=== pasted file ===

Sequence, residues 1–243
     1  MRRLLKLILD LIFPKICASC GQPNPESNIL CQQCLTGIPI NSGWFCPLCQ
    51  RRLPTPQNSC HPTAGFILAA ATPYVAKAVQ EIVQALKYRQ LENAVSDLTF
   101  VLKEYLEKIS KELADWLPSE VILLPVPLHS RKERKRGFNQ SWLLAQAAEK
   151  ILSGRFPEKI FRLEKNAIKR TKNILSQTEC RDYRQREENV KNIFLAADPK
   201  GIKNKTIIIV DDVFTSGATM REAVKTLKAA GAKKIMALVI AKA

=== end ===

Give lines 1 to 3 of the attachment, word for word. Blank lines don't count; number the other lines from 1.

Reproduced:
Sequence, residues 1–243
     1  MRRLLKLILD LIFPKICASC GQPNPESNIL CQQCLTGIPI NSGWFCPLCQ
    51  RRLPTPQNSC HPTAGFILAA ATPYVAKAVQ EIVQALKYRQ LENAVSDLTF